Given the ubiquity of mobile devices and high-speed Internet, it can be tough for students to imagine life just 30 years ago, let alone 30,000.Turns out, though, it’s not impossible.Students in Matthew Liebmann’s “Encountering the Conquistadors” class recently got a feel for prehistoric life, trying their hands at an ancient weapon called the atlatl.“We’ve been studying first contacts in the New World from Columbus on, and this is a chance for students to get firsthand use of some of the technology they’ve been reading about,” said Liebmann, an associate professor of anthropology. “I think there are a lot of assumptions about the superiority of European technology, and in some cases that was certainly an advantage in the conquest of the Americas, but Native Americans were using technology the Europeans weren’t familiar with either, often with deadly results.“This is also a lot of fun,” he added. “It’s nice to get out of the classroom — it adds a fun aspect you don’t get in many classes.”The atlatl was a dominant weapon for centuries, until the rise of the bow and arrow after the arrival of Europeans. Typically about 2 feet long, with a notch at one end and a spur at the other, it functions like an extension of the throwing arm, allowing users to hurl 6-foot, stone-tipped spears — referred to as darts — with great force and speed.While the students weren’t facing an army of conquistadors, they still had plenty to aim at — including foam archery targets of deer and boar, and, with Liebmann’s encouragement, a cardboard cutout of their teacher. To up the stakes, points were awarded for each hit (Liebmann’s cutout had the highest value), and the six sections of the class battled for bragging rights.Behind the fun, however, was a serious lesson — not just about how the atlatl worked, but about gaining insight into the lives of the people who relied on the weapon day to day.“After an entire semester of trying to visualize what we are learning about, it’s great to have the chance to do this,” said Audrey Carson ’15. “It’s interesting to step into this role and look at what we’ve learned through a different lens.”“It’s a new way of learning,” agreed Joe Petrucci ’14. “Instead of reading books, we get the chance to come out here in the field and practice something that ancient people did. It definitely puts things in perspective.”
“Since COVID-19 hit, the price has crept up steadily. It could reach Rp 22,000 per pill. The supply and demand has been out of balance,” Dian said.Dian also regretted the limited direct access to doctors, medical examinations or treatment. “Especially for patients who use the BPJS Kesehatan [the Health Care and Social Security Agency] service,” she said.Dian said the condition of people with lupus or other autoimmune diseases varied from the mild form, which attacked the skin or joints, to more severe conditions that attacked the blood or nervous system and even vital organs.“We can’t help but try to survive. That’s why we also strive for personal protective equipment [PPE], medicine, as well as collecting donations for those who have lost income,” added Dian.The SDF has initiated the collection of donations for the procurement and distribution of PPE, including 2,000 nonmedical masks, for 16 autoimmune communities around Indonesia. Within three weeks, they managed to raise funds of up to Rp 141 million.The organization has also provided aid that includes PPE such as medical and nonmedical masks and coverall hazmat suits, as well as multivitamins, to some hospitals and public health centers across Indonesia.Read also: Australian study links fiber intake during pregnancy to babies born with allergies and autoimmune disease“Because of the PPE scarcity, the distribution has been done gradually, depending on availability, to nine hospitals and regional hospitals in Bandung, Cimahi, Cianjur and Majalengka [in West Java] and Medan [in North Sumatra]. We also provided PPE to six public health centers in Jakarta, South Kalimantan and Bandung,” said Dian.SDF manager Laila Panchasari said that in commemoration of World Lupus Day, the organization had also launched a membership card program in collaboration with two clinical laboratories, Pramitha and Prodia, and state-owned pharmaceutical company Kimia Farma.“So, members can access generic HCQ and can get additional discounts for routine checks in the laboratories,” Laila said, adding that the SDF had more than 1,000 members across the archipelago.The membership number, however, is still small compared to the number of lupus sufferers in Indonesia, which Dian estimated at 135,000 to 270,000. Worldwide it is estimated that there are at least 5 million people with lupus, with 100,000 new cases every year. (syk)Topics : “The price of HCQ has increased by 100 percent. We hope the government can regulate the price so that patients can still can afford it and other primary medications needed by autoimmune patients,” Dian told The Jakarta Post on Saturday.Dian said autoimmune patients needed one or two HCQ pills a day to alleviate joint pain and other medications such as corticosteroids to increase steroid hormones in the body, relieve inflammation and suppress the excessive work of the immune system.She said the country was not able to produce its own HCQ until the end of 2019, when the domestically supplied immunosuppressant was sold at prices ranging from Rp 11,000 (73 US cents) to Rp 13,000 per pill.Read also: COVID-19 exposes flaws in Indonesia’s health insurance program The Syamsi Dhuha Foundation (SDF), a nonprofit organization representing autoimmune disease sufferers, has urged the government to pay more attention to people with immune-related conditions, who are much more vulnerable during the current COVID-19 pandemic, as medication costs have increased dramatically.To mark World Lupus Day on May 10 and World Autoimmune Day on May 20, the SDF is making an effort to gain support and raise awareness about people with autoimmune diseases, such as lupus, with its #ShareOurLove campaign.SDF chairwoman Dian Syarief, who is also an autoimmune disease sufferer, said it was an extraordinary time for her community as the prices for autoimmune drugs, including hydroxychloroquine (HCQ), which is also prescribed for COVID-19 patients, had soared.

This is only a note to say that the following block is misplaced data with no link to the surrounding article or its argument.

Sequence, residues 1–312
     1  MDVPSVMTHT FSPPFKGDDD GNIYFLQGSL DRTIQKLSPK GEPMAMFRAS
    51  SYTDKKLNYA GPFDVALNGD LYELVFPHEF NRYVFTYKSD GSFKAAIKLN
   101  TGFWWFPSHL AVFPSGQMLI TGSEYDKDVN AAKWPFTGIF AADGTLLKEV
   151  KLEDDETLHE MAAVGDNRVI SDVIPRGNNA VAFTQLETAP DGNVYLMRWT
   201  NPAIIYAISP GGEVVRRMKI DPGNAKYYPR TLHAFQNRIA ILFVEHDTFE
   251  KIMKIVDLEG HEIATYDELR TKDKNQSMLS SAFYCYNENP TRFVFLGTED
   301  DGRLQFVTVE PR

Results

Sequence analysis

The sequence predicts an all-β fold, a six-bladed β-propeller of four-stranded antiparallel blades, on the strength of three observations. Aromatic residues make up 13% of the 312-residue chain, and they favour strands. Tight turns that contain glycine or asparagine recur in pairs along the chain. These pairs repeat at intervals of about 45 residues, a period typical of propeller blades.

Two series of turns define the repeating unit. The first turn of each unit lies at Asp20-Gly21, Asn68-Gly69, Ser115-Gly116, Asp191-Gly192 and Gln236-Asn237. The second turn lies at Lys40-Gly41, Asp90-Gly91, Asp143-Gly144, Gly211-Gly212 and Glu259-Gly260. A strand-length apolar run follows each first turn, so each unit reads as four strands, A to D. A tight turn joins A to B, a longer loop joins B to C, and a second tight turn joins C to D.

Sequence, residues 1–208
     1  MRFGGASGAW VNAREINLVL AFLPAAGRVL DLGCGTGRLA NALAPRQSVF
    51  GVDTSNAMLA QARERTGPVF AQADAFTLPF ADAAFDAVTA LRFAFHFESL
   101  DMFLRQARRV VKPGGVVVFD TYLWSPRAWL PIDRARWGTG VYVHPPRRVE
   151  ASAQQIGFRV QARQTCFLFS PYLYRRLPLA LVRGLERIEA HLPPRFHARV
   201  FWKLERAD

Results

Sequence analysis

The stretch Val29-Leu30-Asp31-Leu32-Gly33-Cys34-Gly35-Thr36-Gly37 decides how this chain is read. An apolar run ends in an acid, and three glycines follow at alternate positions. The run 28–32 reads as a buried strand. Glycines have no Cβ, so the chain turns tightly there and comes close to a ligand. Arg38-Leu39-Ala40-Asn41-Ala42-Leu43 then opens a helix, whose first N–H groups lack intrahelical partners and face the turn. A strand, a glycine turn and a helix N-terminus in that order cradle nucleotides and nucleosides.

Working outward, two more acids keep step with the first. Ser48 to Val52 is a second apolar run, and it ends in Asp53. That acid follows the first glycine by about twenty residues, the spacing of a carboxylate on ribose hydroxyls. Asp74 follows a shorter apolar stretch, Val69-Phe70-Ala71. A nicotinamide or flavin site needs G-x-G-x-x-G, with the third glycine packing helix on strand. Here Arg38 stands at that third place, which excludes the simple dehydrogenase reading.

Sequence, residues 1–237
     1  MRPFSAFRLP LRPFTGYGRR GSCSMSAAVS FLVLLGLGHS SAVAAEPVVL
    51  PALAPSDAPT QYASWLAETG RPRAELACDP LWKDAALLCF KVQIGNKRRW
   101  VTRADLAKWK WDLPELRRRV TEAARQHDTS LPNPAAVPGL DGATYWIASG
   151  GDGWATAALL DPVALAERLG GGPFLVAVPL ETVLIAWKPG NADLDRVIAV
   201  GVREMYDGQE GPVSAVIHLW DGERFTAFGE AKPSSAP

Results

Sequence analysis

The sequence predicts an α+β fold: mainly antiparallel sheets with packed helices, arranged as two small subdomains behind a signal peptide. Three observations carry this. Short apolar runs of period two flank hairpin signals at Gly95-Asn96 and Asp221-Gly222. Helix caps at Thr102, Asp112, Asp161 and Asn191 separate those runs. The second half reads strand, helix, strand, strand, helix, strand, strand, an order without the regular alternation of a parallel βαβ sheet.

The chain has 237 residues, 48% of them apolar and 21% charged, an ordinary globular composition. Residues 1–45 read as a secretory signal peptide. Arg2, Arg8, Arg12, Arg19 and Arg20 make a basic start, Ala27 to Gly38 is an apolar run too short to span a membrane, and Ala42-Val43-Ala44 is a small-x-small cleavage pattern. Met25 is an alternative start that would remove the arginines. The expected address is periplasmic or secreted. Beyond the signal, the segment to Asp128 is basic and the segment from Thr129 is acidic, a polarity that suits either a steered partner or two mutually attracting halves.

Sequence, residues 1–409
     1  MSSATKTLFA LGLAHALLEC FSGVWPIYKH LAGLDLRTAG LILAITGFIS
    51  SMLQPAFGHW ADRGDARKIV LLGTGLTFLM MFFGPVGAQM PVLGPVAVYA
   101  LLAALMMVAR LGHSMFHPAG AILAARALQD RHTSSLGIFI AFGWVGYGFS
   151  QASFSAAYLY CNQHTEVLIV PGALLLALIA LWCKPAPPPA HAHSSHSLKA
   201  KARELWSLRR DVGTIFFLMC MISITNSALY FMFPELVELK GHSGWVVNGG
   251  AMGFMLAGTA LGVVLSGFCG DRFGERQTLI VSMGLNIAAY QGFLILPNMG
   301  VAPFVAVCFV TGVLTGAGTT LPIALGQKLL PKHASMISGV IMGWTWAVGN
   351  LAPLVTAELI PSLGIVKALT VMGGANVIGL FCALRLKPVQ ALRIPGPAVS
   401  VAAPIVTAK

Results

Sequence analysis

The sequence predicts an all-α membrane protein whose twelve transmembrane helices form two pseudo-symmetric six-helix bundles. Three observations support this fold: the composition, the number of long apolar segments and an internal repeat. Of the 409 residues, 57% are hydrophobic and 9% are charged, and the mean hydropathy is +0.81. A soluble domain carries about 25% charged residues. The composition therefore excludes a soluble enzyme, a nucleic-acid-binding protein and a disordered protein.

Two more cases of COVID-19 in listening area, 41 total cases confirmed, 23 recovered, four remain hospitalized
12 91 31 Butler342 Floyd 22 21321 1 1 1 Hancock Franklin11131 Wright21 321 1 21 Cerro Gordo266 DES MOINES — Governor Reynolds announced 739 more lab-confirmed positive cases of COVID-19 in the state for a total now of 7884. Eight more deaths were reported for a total now of 170. Today’s report shows 202 more cases have recovered for a total of 2899.Two more local cases of COVID-19 have been identified, an elderly person in Franklin County and an elderly person in Mitchell County. There’s been 41 confirmed cases of COVID-19 in our immediate listening area — 14 of those cases in Cerro Gordo; nine in Butler; three each in Franklin, Hancock, Mitchell and Wright; two each in Kossuth and Winnebago; and single cases in Floyd and Worth counties.Of those 41 cases, 23 have recovered while four remain hospitalized. Winnebago11 Kossuth11 Confirmed CasesChildAdult (18-40)Middle (40-60)Older (60-80)Elderly (81+)TotalDeathsRecoveredHospitalized 14121 Mitchell Worth 11 Area Total01018112410234